LANSING – Legislation to protect young athletes by educating coaches of youth sports organizations, including schools, and requiring them to adopt a concussion awareness program was approved Thursday (May 31) by the Michigan Senate, said sponsor Sen. John Proos. (John Proos audio clip – :18)
“Nationwide and throughout Michigan, we hear more and more about tragic deaths and debilitating brain injuries that are suspected to be linked to concussions,” said Proos, R-St. Joseph. “The number of children suffering sports-related concussions is rising at an alarming rate – impacting the lives of many young people. It is time to acknowledge the seriousness of concussions in youth sports and set guidelines to ensure child safety is always the top priority.”
The National Football League (NFL) is leading an effort to get similar legislation passed in all 50 states and Congress. Detroit Lions team president Tom Lewand and an NFL representative both testified in support of the bill earlier in May, telling policymakers about the impacts of concussions and the need to address them at all levels of sport.
Under Senate Bill 1122, a concussion awareness program would include training and distribution of educational materials for parents and athletes. A youth suspected of sustaining a concussion would be required to be immediately removed from activity and would not be able to return until he or she had been evaluated by a health professional and received written clearance to play.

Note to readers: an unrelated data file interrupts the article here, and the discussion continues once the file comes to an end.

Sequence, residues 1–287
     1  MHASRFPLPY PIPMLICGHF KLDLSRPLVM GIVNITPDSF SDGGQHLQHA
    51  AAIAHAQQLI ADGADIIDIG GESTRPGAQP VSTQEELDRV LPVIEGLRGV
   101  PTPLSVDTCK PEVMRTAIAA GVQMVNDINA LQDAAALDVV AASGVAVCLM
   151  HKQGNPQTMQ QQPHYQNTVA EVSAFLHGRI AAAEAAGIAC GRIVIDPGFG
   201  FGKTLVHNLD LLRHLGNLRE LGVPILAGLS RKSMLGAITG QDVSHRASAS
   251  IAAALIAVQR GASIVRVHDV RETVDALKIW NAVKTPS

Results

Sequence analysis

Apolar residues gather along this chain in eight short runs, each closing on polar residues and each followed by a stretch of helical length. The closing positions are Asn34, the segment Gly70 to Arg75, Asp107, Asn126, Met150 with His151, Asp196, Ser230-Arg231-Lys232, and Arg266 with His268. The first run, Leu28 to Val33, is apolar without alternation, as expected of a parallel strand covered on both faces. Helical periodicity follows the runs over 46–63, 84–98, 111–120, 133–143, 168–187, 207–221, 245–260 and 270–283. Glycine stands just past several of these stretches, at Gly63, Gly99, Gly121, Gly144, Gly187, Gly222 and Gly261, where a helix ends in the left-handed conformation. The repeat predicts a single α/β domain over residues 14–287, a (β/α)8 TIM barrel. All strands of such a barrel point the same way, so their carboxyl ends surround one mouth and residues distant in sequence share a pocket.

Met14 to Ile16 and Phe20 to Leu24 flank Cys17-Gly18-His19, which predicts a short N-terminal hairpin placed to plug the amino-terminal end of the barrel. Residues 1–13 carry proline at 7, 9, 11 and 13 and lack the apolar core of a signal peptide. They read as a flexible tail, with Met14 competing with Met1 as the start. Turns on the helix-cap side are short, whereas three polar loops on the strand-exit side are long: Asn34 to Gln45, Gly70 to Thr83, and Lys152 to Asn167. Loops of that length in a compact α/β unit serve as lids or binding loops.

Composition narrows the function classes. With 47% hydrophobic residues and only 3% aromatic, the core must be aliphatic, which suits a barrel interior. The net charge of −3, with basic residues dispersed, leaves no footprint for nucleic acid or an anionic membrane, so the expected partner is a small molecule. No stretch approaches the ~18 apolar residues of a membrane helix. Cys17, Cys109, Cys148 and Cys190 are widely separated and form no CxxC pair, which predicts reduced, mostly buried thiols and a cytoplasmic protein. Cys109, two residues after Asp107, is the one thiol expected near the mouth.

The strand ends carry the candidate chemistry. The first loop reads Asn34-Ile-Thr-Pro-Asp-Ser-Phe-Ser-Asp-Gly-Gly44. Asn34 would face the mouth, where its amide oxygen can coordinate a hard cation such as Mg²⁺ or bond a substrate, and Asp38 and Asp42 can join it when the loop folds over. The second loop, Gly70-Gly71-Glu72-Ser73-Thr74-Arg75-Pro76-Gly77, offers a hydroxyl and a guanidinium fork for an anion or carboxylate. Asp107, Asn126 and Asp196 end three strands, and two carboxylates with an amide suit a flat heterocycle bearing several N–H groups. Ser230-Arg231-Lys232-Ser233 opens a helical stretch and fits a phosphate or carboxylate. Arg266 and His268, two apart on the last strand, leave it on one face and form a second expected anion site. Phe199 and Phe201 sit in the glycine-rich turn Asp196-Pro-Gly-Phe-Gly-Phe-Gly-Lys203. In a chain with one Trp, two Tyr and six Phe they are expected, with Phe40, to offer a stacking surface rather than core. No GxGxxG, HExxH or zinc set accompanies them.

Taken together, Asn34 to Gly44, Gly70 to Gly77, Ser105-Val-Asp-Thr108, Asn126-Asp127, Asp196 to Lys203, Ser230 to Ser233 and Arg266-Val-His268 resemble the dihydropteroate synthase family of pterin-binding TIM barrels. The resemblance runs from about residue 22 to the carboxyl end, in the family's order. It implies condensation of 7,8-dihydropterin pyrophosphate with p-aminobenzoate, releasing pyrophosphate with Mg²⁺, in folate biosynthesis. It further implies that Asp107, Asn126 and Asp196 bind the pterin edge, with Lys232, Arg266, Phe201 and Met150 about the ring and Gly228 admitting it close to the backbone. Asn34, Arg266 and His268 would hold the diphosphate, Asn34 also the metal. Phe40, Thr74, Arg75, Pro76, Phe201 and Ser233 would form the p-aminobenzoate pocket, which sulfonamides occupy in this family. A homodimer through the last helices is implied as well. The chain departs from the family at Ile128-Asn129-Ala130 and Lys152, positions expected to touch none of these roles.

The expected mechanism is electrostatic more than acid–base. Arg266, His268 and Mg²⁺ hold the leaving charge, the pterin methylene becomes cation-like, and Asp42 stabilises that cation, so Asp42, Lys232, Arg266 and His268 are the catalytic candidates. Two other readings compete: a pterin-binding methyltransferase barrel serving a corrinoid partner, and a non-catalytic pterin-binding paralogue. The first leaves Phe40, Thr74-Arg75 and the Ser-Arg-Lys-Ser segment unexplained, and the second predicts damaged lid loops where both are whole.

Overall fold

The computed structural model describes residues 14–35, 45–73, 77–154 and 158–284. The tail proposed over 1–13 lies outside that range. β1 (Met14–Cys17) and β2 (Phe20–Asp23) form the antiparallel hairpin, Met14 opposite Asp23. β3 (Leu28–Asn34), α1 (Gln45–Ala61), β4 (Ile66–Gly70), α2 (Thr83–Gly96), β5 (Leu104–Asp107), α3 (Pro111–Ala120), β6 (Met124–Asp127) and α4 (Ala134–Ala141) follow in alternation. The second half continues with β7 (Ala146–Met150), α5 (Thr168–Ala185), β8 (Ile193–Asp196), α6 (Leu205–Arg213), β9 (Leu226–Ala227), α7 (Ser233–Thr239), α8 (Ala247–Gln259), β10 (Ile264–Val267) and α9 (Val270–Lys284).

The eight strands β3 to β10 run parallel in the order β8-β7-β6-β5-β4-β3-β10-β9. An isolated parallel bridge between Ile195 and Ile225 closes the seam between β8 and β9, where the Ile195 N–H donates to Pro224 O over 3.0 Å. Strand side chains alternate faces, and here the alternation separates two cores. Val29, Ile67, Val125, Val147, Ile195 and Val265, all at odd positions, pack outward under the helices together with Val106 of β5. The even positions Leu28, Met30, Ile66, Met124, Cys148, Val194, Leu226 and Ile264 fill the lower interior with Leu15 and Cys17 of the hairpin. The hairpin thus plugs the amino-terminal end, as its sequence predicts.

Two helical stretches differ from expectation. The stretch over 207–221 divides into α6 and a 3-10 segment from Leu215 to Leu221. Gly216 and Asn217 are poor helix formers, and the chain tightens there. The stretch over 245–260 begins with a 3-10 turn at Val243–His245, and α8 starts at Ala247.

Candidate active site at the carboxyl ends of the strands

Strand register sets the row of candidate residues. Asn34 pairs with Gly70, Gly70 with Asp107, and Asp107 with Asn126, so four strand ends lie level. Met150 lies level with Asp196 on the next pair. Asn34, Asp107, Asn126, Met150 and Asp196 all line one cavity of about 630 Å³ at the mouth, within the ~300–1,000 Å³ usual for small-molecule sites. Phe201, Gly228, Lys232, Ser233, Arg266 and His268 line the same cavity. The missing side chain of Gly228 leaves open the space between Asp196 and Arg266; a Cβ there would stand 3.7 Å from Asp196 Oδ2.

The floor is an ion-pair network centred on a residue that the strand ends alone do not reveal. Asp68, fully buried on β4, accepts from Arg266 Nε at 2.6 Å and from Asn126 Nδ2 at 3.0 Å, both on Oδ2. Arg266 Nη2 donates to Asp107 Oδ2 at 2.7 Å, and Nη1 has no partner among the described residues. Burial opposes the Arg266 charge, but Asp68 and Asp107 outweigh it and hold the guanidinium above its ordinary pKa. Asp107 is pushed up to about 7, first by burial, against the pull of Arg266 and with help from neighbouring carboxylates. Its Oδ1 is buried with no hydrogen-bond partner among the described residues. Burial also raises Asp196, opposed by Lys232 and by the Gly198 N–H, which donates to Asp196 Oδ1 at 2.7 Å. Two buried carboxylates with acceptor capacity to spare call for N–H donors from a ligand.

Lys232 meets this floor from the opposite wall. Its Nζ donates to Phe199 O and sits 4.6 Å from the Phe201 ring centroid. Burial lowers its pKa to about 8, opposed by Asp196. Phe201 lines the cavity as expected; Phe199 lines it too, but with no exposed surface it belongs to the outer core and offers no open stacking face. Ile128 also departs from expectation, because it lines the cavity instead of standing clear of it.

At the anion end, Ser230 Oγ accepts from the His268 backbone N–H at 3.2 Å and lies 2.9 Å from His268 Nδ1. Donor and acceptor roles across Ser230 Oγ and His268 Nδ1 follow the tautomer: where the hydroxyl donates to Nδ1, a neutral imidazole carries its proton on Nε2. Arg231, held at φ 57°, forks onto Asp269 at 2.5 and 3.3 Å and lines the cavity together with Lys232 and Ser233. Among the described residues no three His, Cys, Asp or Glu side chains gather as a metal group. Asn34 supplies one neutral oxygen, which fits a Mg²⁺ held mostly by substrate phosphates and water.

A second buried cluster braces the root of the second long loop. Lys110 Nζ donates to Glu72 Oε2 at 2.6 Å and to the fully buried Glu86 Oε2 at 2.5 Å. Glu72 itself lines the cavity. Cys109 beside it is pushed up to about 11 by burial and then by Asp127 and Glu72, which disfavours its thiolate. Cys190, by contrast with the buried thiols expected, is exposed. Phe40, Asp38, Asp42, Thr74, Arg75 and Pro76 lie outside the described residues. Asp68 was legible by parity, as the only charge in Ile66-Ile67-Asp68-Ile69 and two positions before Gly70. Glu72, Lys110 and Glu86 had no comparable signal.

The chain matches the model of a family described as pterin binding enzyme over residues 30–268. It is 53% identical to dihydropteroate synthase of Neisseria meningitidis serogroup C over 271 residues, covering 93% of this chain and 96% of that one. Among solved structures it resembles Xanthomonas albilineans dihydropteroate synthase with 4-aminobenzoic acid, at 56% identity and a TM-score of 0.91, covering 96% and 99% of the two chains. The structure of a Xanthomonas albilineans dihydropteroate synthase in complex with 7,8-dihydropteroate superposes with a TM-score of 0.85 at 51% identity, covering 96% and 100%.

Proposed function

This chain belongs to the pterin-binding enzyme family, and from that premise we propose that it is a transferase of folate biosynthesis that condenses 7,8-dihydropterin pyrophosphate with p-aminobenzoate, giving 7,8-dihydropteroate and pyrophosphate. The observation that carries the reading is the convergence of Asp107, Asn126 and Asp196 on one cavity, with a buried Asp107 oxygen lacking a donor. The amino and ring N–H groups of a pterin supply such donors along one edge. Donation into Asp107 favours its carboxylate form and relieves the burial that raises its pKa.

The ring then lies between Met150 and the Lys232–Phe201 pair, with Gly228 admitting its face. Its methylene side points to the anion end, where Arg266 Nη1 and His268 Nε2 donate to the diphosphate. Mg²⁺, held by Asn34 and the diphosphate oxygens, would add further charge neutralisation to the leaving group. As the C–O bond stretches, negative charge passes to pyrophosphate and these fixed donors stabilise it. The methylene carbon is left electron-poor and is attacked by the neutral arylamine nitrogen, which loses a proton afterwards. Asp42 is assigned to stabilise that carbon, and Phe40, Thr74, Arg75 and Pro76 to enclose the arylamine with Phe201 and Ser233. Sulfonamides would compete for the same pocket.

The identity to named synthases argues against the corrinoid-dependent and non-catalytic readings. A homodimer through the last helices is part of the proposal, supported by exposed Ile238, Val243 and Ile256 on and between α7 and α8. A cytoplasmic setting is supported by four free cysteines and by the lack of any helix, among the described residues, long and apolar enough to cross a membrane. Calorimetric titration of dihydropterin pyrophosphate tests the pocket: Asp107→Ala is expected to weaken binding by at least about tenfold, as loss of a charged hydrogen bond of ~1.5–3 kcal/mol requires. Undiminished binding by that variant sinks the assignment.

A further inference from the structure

A Brown University study showed that from 1997 to 2007, the number of sports-related concussions among student-athletes ages 13-19 tripled from about 7,000 to 22,000. Doctors now estimate that as many as 30,000 sports-related concussions occur in the U.S. every year, and far too many of these types of injuries are going unreported.
If SB 1122 is also approved by the House, Michigan would become the 36th state to pass legislation to require young sport agencies to establish a set of concussion awareness guidelines.
“I sponsored this bill to help ensure everyone involved in youth sports can recognize these injuries when they occur and act in the athlete’s best interest – especially if an injury occurs without medical professionals present, like at practice,” Proos said. “As a father of three children, each involved in multiple sports and physical activities, my goal is to always put the health of our young athletes first.”